‘Singapore Saloon’ movie review: RJ Balaji’s partly funny drama suffers from identity crisis

‘Singapore Saloon’ features a mindless yet hilarious first half that transforms into a messy, cluttered and unnecessarily preachy second half

January 25, 2024 05:04 pm | Updated 06:07 pm IST

RJ Balaji in a still from ‘Singapore Saloon’

RJ Balaji in a still from ‘Singapore Saloon’ | Photo Credit: Special Arrangement

The concept of having an intermission divides our films into two halves, and compared to our Hollywood counterparts, such a style of movie viewing experience comes with its own pros and cons for the makers. While amalgamating both halves into a seamless watch is supposed to be a prerequisite, it’s films like Singapore Saloon that leave you scratching your head on why that’s not always the case. The RJ Balaji-starrer features a mindless yet hilarious first half that transforms into a messy, cluttered and unnecessarily preachy second half.

RJ Balaji is one of those very few whose real-life personalities spill onto their fictional characters and they usually make for an endearing watch. In Singapore Saloon, Kathir (RJ Balaji) beats societal norms, pursues his passion for becoming a hairstylist and turns into his own boss only for tragedy to strike. The film, at least on paper, is supposed to be the story of an underdog, someone who beats the odds, climbs atop whatever is thrown at him and comes out victorious. And his journey till that setback makes for some of the best scenes of the film.

Singapore Saloon (Tamil)
Director: Gokul
Cast: RJ Balaji, Sathyaraj, Lal, Robo Shankar, Kishen Das, Meenakshi Chaudhary
Runtime: 137 minutes
Storyline: A barber who strives to be a cut above the rest gets tested incessantly

Both the film and its director Gokul are in their element in the first half. After a humorous flashback featuring a young Kathir and his friend Basheer involving some decently heart-warming scenes with Chacha (Lal) — the man who inspires Kathir to take up the scissors — the film shifts to top gear when our protagonist meets his in-laws’ family. Kathir’s miser father-in-law and over-the-top brother-in-law (played by Sathyaraj and Robo Shankar respectively) are quite a couple of characters, and together, they bring the roof down with some of the most hilarious sequences we have seen in recent times. Sathyaraj in a role similar to what he played in Love Today and Robo Shankar in one of his best roles since Gokul’s Idharkuthane Aasaipattai Balakumara make for a fantastic duo who we dearly miss post the intermission where the film turns serious and they go missing.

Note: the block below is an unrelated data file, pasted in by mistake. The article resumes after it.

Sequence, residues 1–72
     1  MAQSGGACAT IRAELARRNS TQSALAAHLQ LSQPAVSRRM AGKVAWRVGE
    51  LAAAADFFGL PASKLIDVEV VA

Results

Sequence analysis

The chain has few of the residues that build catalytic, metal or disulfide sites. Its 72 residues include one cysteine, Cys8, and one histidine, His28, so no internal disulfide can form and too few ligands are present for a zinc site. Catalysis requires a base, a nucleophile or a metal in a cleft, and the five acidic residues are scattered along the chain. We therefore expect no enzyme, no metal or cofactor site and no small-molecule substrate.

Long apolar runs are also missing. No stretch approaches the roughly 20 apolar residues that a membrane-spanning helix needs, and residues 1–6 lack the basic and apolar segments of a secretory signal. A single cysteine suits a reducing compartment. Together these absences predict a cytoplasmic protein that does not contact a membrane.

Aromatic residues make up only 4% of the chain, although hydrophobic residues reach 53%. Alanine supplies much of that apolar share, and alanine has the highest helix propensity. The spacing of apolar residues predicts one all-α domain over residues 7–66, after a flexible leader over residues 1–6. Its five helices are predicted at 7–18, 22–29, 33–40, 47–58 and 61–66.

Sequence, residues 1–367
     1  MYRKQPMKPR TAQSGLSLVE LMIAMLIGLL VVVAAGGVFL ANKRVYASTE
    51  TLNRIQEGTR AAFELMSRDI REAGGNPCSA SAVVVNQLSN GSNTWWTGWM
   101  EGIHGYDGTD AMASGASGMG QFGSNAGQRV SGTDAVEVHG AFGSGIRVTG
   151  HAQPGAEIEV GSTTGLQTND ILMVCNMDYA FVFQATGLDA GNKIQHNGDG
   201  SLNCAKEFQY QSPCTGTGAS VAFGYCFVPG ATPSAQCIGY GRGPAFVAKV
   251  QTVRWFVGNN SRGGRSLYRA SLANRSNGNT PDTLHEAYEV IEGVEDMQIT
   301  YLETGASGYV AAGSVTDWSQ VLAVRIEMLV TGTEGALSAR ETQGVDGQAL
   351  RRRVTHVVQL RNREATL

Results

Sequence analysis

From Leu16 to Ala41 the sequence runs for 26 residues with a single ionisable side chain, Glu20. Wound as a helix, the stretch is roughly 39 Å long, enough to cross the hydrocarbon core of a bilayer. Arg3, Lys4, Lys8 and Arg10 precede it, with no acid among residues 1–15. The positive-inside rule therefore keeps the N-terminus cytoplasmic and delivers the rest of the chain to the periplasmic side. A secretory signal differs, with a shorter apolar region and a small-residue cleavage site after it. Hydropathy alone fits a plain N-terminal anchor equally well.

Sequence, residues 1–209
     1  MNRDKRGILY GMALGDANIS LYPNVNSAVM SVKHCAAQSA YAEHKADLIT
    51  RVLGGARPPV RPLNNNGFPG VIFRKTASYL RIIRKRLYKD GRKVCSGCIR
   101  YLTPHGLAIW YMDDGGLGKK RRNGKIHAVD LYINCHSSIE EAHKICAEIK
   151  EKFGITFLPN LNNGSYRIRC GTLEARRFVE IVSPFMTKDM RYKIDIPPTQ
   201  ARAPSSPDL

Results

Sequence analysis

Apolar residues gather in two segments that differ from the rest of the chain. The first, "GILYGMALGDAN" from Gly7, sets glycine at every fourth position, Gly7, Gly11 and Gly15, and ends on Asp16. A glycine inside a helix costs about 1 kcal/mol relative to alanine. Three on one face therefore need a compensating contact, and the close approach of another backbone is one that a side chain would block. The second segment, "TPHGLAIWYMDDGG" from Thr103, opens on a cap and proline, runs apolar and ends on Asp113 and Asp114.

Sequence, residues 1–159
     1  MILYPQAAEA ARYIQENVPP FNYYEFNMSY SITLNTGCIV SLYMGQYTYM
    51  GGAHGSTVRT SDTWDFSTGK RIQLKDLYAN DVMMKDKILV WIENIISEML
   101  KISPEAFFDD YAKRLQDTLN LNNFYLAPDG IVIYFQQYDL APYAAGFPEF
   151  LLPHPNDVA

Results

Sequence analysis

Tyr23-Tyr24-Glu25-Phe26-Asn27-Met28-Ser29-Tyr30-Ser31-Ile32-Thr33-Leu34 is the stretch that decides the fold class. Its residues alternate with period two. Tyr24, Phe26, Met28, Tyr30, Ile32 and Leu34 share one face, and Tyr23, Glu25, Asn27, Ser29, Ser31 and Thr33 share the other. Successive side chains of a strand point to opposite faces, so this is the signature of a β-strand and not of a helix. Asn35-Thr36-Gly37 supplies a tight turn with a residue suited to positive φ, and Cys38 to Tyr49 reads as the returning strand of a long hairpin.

A still from ‘Singapore Saloon’

A still from ‘Singapore Saloon’ | Photo Credit: Special Arrangement

A series of buildings come down crashing and it causes an impediment to our protagonist’s rise and, unfortunately, it’s not just the building that collapses. What follows is a series of events that feel like a collage of ideas patched up into an incoherent mess. Things get so wild that after a point you start noticing patterns and try to connect them with tropes from other films. Right from Seedan and Arai En 305-il Kadavul, there’s a bit of Maaveeran, director Vijay’s dance film Lakshmi and even a dash of 2.0’s Pakshi Rajan. The film bites off more than what it can chew and along with a slew of cameos, we also get sub-plots that are not just too convenient but also predictable. When a bunch of kids from the settlement get rejected from entering a dance competition, our protagonist gives them an image makeover and that’s apparently enough to get them in. Before the film even lets you think if it’s the skill that should be judged and not their appearance, it hits you with another trope, this time involving parrots losing their homes. I wish I were making this up!

What’s more astonishing is how RJ Balaji, in the name of taking a back seat, gets very little to do. Apart from being the character we follow and the narrator, Kathir gets thrown around because of circumstances and when he finally wins, they don’t resonate with us. Let’s not even start with the lack of well-written female characters in this film. Idharkuthane Aasaipattai Balakumara, even though it tries to pretend to take a stand against alcohol, worked because of its caricaturish characters who are all worth their own spin-off films. The first half of Singapore Saloon gave similar vibes when its stakes stays within the confines of Kathir’s house and his family. But the rest of the film is not even half as captivating as the first half and what we end up with is a middling, muddled drama that fails to recognise where its strength lies.

Singapore Saloon is currently running in theatres

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